Often I am asked about our source of gypsum and what makes it so special. I thought I would take this opportunity to share a piece of history with you.
SuperCal SO4 is derived from calcium sulfate dihydrate or, for you chemistry fans, CaSO4*2H20. One of the purest gypsum deposits in the world, happens to be found in a very small region of Webster County, IA, near Fort Dodge.
According to Raymond Anderson in his piece, Fort Dodge Gypsum: A Salt from Iowa’s Jurassic Sea, ”this deposit, part of the Jurassic-age Fort Dodge Formation (about 145 million years old), comprises one of the most pure gypsum deposits known on Earth.”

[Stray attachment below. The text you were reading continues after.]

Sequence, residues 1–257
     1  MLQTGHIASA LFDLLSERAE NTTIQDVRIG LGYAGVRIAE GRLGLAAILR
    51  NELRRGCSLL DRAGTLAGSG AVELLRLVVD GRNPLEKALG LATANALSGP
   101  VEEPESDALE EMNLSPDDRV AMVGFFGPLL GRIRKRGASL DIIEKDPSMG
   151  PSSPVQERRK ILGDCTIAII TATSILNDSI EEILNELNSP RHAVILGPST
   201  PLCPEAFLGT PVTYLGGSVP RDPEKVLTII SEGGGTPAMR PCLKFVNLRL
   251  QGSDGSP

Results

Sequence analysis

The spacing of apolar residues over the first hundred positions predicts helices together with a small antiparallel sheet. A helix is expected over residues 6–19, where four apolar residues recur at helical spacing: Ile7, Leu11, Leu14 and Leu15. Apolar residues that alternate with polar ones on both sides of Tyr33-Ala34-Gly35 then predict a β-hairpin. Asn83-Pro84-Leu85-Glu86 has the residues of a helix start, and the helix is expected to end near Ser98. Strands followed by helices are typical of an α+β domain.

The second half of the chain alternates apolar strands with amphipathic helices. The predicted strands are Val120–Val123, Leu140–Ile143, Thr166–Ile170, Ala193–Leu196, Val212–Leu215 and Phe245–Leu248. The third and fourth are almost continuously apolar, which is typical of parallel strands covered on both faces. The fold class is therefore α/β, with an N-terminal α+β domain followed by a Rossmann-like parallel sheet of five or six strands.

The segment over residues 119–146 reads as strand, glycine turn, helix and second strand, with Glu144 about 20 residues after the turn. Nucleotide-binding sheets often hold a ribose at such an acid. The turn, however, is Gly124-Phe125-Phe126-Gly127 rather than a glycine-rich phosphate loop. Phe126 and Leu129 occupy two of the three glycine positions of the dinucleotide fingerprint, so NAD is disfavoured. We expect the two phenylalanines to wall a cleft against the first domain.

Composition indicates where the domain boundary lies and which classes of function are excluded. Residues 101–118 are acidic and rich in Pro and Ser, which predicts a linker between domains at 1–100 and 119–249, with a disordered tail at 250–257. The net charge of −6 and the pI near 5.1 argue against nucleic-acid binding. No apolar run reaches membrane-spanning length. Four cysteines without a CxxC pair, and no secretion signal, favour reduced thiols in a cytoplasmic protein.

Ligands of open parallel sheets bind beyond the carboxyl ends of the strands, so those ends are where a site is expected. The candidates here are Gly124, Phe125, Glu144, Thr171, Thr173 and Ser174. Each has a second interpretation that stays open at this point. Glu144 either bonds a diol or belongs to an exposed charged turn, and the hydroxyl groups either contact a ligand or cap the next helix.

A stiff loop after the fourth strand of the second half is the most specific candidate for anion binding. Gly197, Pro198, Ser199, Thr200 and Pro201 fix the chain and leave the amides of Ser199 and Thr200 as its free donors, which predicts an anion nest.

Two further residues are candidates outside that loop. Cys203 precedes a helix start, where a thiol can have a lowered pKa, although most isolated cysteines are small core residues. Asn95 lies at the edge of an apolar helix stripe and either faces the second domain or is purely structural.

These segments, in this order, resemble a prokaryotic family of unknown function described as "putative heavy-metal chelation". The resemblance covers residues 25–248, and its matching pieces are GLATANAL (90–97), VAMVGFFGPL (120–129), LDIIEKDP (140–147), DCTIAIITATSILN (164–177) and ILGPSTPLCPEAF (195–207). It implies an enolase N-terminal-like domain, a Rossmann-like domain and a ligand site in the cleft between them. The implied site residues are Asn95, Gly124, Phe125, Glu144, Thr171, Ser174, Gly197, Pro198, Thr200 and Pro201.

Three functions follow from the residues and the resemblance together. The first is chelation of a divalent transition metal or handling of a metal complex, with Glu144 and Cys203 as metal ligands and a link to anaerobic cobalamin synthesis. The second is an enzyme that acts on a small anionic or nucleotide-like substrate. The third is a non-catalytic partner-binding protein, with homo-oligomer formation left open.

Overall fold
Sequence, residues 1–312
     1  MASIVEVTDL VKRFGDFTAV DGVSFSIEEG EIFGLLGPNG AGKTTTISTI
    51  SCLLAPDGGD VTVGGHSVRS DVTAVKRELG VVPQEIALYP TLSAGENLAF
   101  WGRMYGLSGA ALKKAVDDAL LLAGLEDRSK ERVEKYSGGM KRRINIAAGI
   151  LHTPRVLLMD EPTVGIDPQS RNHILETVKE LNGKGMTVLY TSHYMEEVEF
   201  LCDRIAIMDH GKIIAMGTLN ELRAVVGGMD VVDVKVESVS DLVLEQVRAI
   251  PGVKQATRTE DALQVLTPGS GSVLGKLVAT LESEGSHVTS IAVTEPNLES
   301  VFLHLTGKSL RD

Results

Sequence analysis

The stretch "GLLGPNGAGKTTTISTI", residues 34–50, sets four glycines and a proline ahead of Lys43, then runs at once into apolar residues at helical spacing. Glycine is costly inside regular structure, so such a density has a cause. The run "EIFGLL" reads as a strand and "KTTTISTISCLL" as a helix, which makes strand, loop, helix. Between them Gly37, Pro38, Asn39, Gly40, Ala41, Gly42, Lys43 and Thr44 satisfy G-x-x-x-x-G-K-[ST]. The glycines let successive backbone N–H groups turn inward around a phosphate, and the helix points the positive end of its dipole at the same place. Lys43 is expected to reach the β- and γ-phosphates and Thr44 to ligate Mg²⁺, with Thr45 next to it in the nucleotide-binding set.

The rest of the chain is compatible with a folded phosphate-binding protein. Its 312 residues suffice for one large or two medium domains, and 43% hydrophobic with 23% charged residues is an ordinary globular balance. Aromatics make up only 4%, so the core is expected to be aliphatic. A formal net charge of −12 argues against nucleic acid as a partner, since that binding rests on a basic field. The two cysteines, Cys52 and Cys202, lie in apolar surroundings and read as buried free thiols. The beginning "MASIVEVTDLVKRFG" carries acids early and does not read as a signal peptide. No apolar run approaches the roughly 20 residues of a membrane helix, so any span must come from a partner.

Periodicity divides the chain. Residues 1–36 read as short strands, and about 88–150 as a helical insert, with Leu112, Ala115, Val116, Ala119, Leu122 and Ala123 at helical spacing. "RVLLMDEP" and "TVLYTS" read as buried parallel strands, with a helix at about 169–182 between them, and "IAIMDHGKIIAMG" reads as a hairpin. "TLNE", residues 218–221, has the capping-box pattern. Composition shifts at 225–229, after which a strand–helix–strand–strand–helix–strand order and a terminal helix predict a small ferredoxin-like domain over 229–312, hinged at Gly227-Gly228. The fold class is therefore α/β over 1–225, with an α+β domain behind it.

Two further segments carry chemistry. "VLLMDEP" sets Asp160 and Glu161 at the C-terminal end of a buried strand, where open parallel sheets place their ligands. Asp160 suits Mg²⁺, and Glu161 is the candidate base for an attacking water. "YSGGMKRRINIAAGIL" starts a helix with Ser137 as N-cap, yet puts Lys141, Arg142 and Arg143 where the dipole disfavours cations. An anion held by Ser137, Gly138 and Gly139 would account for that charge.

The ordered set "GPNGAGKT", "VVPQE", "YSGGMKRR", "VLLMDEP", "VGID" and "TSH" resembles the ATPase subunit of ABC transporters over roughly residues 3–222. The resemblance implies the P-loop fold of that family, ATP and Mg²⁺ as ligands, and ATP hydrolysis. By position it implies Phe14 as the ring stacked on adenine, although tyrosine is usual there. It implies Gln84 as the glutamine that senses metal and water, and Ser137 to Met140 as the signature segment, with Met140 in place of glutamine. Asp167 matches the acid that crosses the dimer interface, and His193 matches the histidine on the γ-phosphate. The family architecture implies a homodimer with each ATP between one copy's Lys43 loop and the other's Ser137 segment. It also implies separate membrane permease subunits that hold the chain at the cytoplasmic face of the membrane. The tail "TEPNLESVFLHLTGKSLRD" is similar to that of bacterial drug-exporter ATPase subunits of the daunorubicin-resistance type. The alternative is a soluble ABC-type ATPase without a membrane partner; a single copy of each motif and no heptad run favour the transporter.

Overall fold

Anderson went on to explain, “The gypsum at Fort Dodge, like most commercial-scale deposits, had its origins in the evaporation of seawater from a restricted shallow basin. Water from the Jurassic-age Sundance Sea passed over a low-lying barrier into the basin, where the mineral salts became concentrated by evaporation in the hot semi-tropical sun. When the brine became sufficiently concentrated, gypsum crystals formed and settled to the floor of the basin.”
Check out Anderson’s article; it provides an interesting look back at one of Iowa’s most valuable natural resources and gives more insight into why our SuperCal SO4 is so pure!